Image source: Garmin

Garmin users can get access to app that alerts to stress eating

Garmin is participating in a study with RAE Health to understand how stress effects cravings. Those with a compatible Garmin device are invited to join in. They will get access to a novel app that alerts you to these unhealthy eating habits before they happen.

Stress can be healthy and unhealthy

Stress is an everyday part of life – for some more than others. Small amounts of stress are considered to be healthy. They can help to improve how your heart works and even strengthen your immune system.

Essential reading: Best fitness trackers and health gadgets

Chronic stress, however, is a problem. Amongst a plethora of negative effects on your body it also seems to affect food preferences. This is because stress produces elevated levels of a hormone referred to as cortisol. A consequence of this are increased cravings for sugary and salty foods. They offer a simple but unhealthy way to make yourself feel better in the short term.

Most Garmin fitness trackers and smartwatches these days track stress around the clock. The readings are not perfect but they do offer a decent estimate of the pressure you are under.

Garmin taps into heart rate variability (HRV) readings to arrive at these numbers. This is the variation in the time interval between your heart beats. Rather counter-intuitively, the more irregular these beats – the less stress you are feeling.

For ease of understanding, Garmin slots the stress readings into one of four groups. A reading up to 25 points indicates you are at rest. 26-50 shows low stress, 51-75 medium stress and anything above is high stress.

Now scientists are starting to tap into the wealth of data dished out by these devices.

Research on stress and cravings

Garmin has joined forces with RAE Health on a study to better understand stress cravings and how they affect your body. The research is actually building on previous studies conducted by RAE Health together with the University of Massachusetts and the University of Texas.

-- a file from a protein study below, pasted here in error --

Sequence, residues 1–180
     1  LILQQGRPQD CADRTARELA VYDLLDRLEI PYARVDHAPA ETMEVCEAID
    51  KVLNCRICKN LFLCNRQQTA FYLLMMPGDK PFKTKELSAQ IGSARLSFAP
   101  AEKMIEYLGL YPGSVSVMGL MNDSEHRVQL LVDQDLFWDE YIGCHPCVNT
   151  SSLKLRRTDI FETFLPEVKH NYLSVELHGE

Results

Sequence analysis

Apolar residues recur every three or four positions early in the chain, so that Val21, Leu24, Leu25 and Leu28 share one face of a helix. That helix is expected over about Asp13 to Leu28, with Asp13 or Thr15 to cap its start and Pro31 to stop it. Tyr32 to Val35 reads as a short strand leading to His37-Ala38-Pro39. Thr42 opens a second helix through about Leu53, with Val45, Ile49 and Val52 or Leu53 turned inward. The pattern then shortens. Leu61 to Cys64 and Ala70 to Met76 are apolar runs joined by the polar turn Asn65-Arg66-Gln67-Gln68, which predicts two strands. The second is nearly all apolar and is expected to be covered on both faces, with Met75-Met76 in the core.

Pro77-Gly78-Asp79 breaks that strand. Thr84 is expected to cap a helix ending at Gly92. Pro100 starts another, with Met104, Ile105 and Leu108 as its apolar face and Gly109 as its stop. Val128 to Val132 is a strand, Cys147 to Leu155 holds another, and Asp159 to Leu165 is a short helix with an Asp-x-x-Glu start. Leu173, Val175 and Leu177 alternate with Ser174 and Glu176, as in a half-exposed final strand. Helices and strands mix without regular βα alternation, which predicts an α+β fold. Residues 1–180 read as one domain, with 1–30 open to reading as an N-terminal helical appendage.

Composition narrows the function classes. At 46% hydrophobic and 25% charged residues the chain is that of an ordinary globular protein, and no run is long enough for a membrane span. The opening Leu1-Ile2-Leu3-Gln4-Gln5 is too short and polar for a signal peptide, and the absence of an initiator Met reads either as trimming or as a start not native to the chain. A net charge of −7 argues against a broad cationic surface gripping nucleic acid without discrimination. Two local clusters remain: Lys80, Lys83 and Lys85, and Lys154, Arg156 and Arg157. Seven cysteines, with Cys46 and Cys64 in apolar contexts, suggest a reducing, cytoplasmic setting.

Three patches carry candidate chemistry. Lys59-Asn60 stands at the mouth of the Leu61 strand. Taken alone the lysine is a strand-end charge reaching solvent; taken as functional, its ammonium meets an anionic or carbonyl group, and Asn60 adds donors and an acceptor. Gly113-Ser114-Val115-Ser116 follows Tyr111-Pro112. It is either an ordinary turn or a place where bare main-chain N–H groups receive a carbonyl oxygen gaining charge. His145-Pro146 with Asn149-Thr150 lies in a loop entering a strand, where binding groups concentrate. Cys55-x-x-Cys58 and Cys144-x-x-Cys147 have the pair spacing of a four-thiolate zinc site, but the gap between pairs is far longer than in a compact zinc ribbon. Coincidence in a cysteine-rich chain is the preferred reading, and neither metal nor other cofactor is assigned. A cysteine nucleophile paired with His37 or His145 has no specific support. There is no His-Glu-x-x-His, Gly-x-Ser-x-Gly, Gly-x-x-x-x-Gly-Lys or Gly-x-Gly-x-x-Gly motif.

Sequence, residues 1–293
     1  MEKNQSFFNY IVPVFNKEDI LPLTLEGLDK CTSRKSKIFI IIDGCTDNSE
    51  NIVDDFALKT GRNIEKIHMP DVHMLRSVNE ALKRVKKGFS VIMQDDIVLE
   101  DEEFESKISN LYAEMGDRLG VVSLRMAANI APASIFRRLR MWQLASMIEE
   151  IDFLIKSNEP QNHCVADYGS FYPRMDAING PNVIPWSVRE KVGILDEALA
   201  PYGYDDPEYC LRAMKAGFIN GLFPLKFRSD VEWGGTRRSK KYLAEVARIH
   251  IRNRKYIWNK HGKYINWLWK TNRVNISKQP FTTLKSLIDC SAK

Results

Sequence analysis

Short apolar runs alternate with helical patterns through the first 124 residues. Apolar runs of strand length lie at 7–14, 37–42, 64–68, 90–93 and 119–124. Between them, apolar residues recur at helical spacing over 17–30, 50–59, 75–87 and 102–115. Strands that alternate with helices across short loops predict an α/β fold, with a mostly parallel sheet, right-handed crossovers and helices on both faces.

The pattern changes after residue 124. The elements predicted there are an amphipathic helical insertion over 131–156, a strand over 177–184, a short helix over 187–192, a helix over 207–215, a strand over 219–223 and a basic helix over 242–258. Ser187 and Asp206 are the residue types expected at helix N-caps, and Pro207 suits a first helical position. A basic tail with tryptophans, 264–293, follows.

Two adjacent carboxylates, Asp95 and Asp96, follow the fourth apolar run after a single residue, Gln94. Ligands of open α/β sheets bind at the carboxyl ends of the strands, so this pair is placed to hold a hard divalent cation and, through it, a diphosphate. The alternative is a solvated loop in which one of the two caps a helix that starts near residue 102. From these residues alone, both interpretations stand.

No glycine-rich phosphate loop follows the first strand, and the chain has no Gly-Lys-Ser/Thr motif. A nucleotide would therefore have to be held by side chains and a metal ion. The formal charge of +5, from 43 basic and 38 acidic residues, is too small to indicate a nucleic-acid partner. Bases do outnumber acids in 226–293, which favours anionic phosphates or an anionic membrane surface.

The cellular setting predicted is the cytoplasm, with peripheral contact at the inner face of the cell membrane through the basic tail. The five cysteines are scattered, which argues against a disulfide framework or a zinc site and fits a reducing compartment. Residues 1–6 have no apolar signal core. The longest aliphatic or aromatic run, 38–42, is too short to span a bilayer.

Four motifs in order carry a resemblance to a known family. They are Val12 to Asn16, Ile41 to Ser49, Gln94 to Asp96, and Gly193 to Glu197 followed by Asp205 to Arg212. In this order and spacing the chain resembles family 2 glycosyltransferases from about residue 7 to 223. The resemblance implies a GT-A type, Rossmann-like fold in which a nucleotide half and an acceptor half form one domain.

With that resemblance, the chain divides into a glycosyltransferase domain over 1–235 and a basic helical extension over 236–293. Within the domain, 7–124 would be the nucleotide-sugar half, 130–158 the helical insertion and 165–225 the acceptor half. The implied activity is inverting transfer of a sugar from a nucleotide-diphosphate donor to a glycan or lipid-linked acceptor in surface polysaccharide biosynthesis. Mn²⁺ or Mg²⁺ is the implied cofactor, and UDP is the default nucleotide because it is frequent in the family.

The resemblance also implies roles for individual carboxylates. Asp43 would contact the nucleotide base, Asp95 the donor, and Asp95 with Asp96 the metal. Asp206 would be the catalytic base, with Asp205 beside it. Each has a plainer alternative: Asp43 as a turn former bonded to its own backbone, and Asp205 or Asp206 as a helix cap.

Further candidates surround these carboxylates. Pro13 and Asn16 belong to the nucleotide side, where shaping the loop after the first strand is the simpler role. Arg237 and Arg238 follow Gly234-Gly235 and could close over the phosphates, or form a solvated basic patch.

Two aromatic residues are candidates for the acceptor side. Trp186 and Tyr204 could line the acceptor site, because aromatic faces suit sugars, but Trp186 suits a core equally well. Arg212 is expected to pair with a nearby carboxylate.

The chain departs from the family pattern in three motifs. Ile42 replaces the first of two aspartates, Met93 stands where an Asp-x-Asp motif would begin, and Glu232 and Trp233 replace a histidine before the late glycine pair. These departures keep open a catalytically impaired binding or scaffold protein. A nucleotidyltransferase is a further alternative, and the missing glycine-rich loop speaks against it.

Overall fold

If you’re interested the papers are available to view in the Journal of Psychiatry and Brain Science. Some can also be found in the Drug and Alcohol Dependence Journal.

Garmin data will be used to expand on these studies. Initially only Vivosmart 4 users were invited to join in the research, but this has since been expanded. Participants are given access to a consumer version of the RAE Health app.

The app taps into your Garmin Connect stress and other data and spits out stress craving alerts – often before they happen and before you are even aware. At least, that’s the idea. The software has a complex biometric algorithm that alerts you to these situations.

One can easily imagine this type of functionality becoming part of fitness apps we already use, perhaps on an optional basis. It is a great example of leveraging existing sensor technology for more advanced insights.

In our recent interview with Valencell President & Co-Founder Dr. Steven LeBoeuf, he sees ample room for growth in this area – using existing sensors for more in-depth analysis. He also expects that we will see more “sensor fusion”, using multiple sensor modalities together to generate a more comprehensive physiological picture.

How to participate in the study

Review: Garmin Vivosmart 4, great for sleep and casual fitness tracking

At the start only Vivosmart 4 users were invited to join the study. We were not really sure why as there are many other Garmin wearables that can track stress. Having said that, Vivosmart 4 is a great little device. In our review we found it to be a perfect fit for sleep and casual activity tracking. Now it seems availability of the app has been expanded to other devices including the Fenix 6, Venu, Instinct, Forerunner 945 and Forerunner 245 Music.

If you’re holding on to one of these and would like access to the RAE Health app, you can join here. The link takes you to a 2 minute survey you will need to fill in before downloading the software.

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Ivan Jovin

Ivan has been a tech journalist for over 7 years now, covering all kinds of technology issues. He is the guy who gets to dive deep into the latest wearable tech news.

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